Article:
• Arie Folger Says:

        At night. Not official, but sufficiently sanctioned that the fire brigade was notified and plenty of weird fuel would be collected, like old mattresses, etc.

      • Treasures of Ashkenaz Says:

        Thanks.

        The not officially sanctioned info is important. From your earlier comment, you had me wondering if they had gone over to the other side….. :)

  6. chaimbachi62 Says:

    Having grown up among the yekkes in Washington Heights, I am familiar with your work to spread the yekkishe mesorah. I just think you are sometimes overzealous in your goals and opinions. For example, I once saw in a copy of you sefer in Washington Heights how you denigrate the minhag of upsherin at the age of 3. Even if it is not your minhag, it doesn’t mean you have to bash other people who have the minhag. In the case of sefiras haomer, while some people may take the idea of hadlaka too far, not everyone says it is an aveira to go to Meron on Lag Beomer. I went one lag beomer, and while I understand why you think some people go overboard over ther, there is an inyan to go to a tzaddik on his yahrzeit and I don’t regret having that zechus. Maybe you should live and let live a little more. There are sometimes two mesorahs which contradict each other, and that is perfectly okay.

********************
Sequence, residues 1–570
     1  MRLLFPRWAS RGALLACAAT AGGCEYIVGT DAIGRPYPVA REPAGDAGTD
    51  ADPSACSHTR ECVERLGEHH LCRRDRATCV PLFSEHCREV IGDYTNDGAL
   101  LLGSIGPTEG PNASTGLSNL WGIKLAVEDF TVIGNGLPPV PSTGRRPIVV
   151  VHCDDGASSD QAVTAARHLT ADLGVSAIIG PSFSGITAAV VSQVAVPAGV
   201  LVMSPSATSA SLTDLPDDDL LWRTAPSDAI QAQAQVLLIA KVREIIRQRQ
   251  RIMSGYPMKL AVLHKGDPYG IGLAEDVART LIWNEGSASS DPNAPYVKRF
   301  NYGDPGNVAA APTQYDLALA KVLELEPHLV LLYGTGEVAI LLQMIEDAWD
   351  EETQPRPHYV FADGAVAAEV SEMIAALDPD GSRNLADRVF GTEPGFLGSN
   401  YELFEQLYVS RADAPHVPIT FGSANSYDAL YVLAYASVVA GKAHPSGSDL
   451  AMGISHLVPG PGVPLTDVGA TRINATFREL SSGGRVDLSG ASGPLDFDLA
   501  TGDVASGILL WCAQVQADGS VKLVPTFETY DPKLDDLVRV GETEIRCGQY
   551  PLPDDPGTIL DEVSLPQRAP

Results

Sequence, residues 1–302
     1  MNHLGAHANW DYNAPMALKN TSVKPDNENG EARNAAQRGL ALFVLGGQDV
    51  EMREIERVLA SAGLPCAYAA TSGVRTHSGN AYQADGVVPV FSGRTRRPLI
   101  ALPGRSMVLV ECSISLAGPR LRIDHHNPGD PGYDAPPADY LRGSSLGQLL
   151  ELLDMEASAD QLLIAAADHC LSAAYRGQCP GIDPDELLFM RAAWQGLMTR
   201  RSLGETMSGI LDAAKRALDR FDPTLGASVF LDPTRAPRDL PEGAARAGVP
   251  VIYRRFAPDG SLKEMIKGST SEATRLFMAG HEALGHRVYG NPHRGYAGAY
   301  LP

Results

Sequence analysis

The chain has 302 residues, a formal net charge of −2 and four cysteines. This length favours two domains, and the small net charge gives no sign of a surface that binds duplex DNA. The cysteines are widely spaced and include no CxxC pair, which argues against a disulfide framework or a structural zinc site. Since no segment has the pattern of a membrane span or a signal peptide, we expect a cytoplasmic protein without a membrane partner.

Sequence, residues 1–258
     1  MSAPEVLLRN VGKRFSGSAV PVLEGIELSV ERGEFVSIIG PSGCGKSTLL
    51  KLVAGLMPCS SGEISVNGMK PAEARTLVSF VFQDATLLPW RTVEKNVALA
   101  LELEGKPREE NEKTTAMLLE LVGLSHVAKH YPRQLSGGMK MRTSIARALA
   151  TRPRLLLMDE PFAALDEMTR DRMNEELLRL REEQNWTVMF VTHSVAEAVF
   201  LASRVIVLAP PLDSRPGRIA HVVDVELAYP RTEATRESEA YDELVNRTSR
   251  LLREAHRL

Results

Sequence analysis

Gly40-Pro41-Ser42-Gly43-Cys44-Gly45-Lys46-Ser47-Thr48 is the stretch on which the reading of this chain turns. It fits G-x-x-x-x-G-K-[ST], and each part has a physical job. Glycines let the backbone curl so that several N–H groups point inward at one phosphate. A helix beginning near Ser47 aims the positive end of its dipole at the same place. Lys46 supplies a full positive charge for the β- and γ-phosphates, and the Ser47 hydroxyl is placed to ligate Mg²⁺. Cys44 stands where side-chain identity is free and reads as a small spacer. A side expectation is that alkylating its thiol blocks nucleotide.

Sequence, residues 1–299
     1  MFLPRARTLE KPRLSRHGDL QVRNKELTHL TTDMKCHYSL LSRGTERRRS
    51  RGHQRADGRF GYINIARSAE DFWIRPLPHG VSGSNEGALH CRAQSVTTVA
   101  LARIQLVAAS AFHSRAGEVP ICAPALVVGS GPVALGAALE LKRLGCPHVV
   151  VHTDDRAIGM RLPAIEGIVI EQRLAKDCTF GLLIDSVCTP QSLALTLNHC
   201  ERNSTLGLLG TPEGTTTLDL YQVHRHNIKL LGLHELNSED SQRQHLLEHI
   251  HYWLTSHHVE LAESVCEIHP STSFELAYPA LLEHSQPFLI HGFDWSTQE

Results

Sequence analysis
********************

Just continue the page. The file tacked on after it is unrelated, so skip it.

• Treasures of Ashkenaz Says:

      1) The things you are talking about, upsherin and re Lag Baomer, are not just minhogim of Yekkes. They are the standard minhog of Ashkenazishe Yidden. Yekkes, Oberlander, Litvish, and others, some Poylishe and Galicianer Yidden, even of some Sepharadim.

      2) I have not written any seforim.

      3) Re the sefer I believe you refer to re upsherin – it explains – unabashedly :) – why minhag Ashkenaz, Lita, and Oberland is not to do upsherin. Those who do otherwise are not bashed. This site and that sefer are directed to those who want to know what the real Ashkenaz minhog and mesorah is.

      If someone like yourself does not want to follow the minhog of the gedolei olam of Ashkenaz, and wants to look elsewhere for something new, that is their choice.

      Why are you bothered if someone wants to stick to the ancient, holy, and beautiful mesorah of yahadus and gedolei Ashkenaz? Ashkenazim have a right to their own mesorah and minhogim. No one is forcing you to visit this website or to learn a sefer on minhogei Ashkenaz. If you don’t like what you see, you can always close the page. :)

      Stay cool, don’t get overheated, it is hot out there. :)

      • chaimbachi62 Says: